4.5: Inference for other Estimators
The sample mean is not the only point estimate for which the sampling distribution is nearly normal. For example, the sampling distribution of sample proportions closely resembles the normal distribution when the sample size is sufficiently large. In this section, we introduce a number of examples where the normal approximation is reasonable for the point estimate. Chapters 5 and 6 will revisit each of the point estimates you see in this section along with some other new statistics.
We make another important assumption about each point estimate encountered in this section: the estimate is unbiased. A point estimate is unbiased if the sampling distribution of the estimate is centered at the parameter it estimates. That is, an unbiased estimate does not naturally over or underestimate the parameter. Rather, it tends to provide a "good" estimate. The sample mean is an example of an unbiased point estimate, as are each of the examples we introduce in this section.
Finally, we will discuss the general case where a point estimate may follow some distribution other than the normal distribution. We also provide guidance about how to handle scenarios where the statistical techniques you are familiar with are insufficient for the problem at hand.
Confidence intervals for nearly normal point estimates
In Section 4.2, we used the point estimate \(\bar {x}\) with a standard error \(SE_{\bar {x}}\) to create a 95% con dence interval for the population mean:
\[\bar {x} \pm 1.96 \times SE_{\bar {x}} \tag {4.44}\]
We constructed this interval by noting that the sample mean is within 1.96 standard errors of the actual mean about 95% of the time. This same logic generalizes to any unbiased point estimate that is nearly normal. We may also generalize the confidence level by using a placeholder z*.
General con dence interval for the normal sampling distribution case A confidence interval based on an unbiased and nearly normal point estimate is \[\text {point estimate} \pm z* SE \tag {4.45}\] where z* is selected to correspond to the confidence level, and SE represents the standard error. The value z*SE is called the margin of error.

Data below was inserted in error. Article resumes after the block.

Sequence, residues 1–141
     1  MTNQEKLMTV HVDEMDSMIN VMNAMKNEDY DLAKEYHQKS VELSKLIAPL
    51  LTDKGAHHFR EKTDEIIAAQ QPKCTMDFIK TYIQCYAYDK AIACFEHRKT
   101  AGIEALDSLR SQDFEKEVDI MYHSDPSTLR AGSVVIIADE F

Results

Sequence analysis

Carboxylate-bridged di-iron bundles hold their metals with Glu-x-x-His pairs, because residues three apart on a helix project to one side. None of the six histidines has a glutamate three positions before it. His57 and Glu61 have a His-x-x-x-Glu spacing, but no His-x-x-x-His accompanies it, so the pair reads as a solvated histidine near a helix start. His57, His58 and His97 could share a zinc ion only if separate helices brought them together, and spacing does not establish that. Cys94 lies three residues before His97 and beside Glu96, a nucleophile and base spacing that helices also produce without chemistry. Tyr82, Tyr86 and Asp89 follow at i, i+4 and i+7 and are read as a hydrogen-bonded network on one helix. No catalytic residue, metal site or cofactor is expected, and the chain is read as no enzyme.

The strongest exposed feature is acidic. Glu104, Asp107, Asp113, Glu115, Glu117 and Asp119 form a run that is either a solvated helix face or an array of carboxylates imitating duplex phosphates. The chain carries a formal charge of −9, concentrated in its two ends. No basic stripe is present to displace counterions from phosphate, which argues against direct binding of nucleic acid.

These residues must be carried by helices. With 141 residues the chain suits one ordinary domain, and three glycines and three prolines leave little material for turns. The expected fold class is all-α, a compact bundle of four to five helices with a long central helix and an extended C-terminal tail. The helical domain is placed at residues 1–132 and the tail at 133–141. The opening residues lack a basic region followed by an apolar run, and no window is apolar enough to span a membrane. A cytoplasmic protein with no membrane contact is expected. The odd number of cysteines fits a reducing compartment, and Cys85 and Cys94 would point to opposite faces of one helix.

Generally the standard error for a point estimate is estimated from the data and computed using a formula. For example, the standard error for the sample mean is
\[SE_{\bar {x}} = \frac {s}{\sqrt {n}}\]
In this section, we provide the computed standard error for each example and exercise without detailing where the values came from. In future chapters, you will learn to fill in these and other details for each situation.
Example 4.46 In Exercise 4.1 on page 161, we computed a point estimate for the average difference in run times between men and women: \(\bar {x}_{women}  \bar {x}_{men} = 14.48 minutes. This point estimate is associated with a nearly normal distribution with standard error SE = 2.78 minutes. What is a reasonable 95% confidence interval for the difference in average run times?
The normal approximation is said to be valid, so we apply Equation (4.45):
\[ \text {point estimate} \pm z*SE \rightarrow 14.48 \pm 1.96 \times 2.78 \rightarrow (9.03, 19.93)\]
Thus, we are 95% con dent that the men were, on average, between 9.03 and 19.93 minutes faster than women in the 2012 Cherry Blossom Run. That is, the actual average difference is plausibly between 9.03 and 19.93 minutes with 95% confidence.
Example 4.47 Does Example 4.46 guarantee that if a husband and wife both ran in the race, the husband would run between 9.03 and 19.93 minutes faster than the wife?
Our confidence interval says absolutely nothing about individual observations. It only makes a statement about a plausible range of values for the average difference between all men and women who participated in the run.
Exercise 4.48 What z* would be appropriate for a 99% con dence level? For help, see Figure 4.10 on page 169.^{34}
Exercise 4.49 The proportion of men in the run10Samp sample is \(\hat {p} = 0.45\). This sample meets certain conditions that ensure \(\hat {p}\) will be nearly normal, and the standard error of the estimate is \(SE_{\hat {p}} = 0.05\). Create a 90% confidence interval for the proportion of participants in the 2012 Cherry Blossom Run who are men.^{35}
Hypothesis testing for nearly normal point estimates
Just as the con dence interval method works with many other point estimates, we can generalize our hypothesis testing methods to new point estimates. Here we only consider the pvalue approach, introduced in Section 4.3.4, since it is the most commonly used technique and also extends to nonnormal cases.
Hypothesis testing using the normal model

Exercise 4.50 A drug called sulphinpyrazone was under consideration for use in reducing the death rate in heart attack patients. To determine whether the drug was effective, a set of 1,475 patients were recruited into an experiment and randomly split into two groups: a control group that received a placebo and a treatment group that received the new drug. What would be an appropriate null hypothesis? And the alternative?^{36}
We can formalize the hypotheses from Exercise 4.50 by letting pcontrol and ptreatment represent the proportion of patients who died in the control and treatment groups, respec
^{34}We seek z* such that 99% of the area under the normal curve will be between the Z scores z* and z*. Because the remaining 1% is found in the tails, each tail has area 0.5%, and we can identify z* by looking up 0.0050 in the normal probability table: z* = 2.58. See also Figure 4.10 on page 169.
^{35}We use z* = 1.65 (see Exercise 4.17 on page 170), and apply the general con dence interval formula:
\[\hat {p} \pm z*SE_{\hat {p}} \rightarrow 0.45 \pm 1.65 \times 0.05 \rightarrow (0.3675, 0.5325)\]
Thus, we are 90% con dent that between 37% and 53% of the participants were men.
^{36}The skeptic's perspective is that the drug does not work at reducing deaths in heart attack patients (H_{0}), while the alternative is that the drug does work (H_{A}).